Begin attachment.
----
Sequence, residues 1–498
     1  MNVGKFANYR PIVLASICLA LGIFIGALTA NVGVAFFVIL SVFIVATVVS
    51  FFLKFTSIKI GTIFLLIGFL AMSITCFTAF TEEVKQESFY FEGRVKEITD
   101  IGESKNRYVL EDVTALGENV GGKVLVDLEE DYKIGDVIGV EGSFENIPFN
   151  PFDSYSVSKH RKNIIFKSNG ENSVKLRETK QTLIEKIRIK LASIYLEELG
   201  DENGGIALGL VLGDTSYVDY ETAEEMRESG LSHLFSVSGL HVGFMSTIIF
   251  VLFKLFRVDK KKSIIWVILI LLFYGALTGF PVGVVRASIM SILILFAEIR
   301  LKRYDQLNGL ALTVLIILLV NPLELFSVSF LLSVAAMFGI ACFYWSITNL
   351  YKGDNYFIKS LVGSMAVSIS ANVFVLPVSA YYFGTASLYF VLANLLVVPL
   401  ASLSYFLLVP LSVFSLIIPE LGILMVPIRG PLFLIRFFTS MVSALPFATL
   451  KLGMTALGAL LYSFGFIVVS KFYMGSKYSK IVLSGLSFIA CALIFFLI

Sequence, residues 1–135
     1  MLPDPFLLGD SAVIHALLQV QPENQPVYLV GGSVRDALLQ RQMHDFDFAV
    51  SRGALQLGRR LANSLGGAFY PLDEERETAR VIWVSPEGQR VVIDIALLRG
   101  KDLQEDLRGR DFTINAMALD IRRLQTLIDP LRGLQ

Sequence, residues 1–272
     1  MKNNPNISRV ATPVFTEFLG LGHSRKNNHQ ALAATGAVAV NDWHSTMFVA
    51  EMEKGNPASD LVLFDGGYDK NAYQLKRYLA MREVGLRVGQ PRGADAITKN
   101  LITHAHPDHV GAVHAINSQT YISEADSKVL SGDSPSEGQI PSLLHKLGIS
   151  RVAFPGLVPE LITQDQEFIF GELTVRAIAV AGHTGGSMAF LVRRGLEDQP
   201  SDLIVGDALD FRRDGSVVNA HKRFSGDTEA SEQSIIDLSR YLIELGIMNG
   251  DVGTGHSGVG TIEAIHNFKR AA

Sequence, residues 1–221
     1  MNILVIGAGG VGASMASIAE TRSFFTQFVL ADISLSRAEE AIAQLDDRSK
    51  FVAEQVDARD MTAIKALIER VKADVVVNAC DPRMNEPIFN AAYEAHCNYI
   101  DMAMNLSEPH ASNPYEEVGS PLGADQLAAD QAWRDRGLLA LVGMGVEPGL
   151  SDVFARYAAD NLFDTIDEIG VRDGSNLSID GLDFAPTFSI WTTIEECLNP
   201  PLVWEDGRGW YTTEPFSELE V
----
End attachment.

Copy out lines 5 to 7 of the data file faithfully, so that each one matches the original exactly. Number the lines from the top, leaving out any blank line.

   151  PFDSYSVSKH RKNIIFKSNG ENSVKLRETK QTLIEKIRIK LASIYLEELG
   201  DENGGIALGL VLGDTSYVDY ETAEEMRESG LSHLFSVSGL HVGFMSTIIF
   251  VLFKLFRVDK KKSIIWVILI LLFYGALTGF PVGVVRASIM SILILFAEIR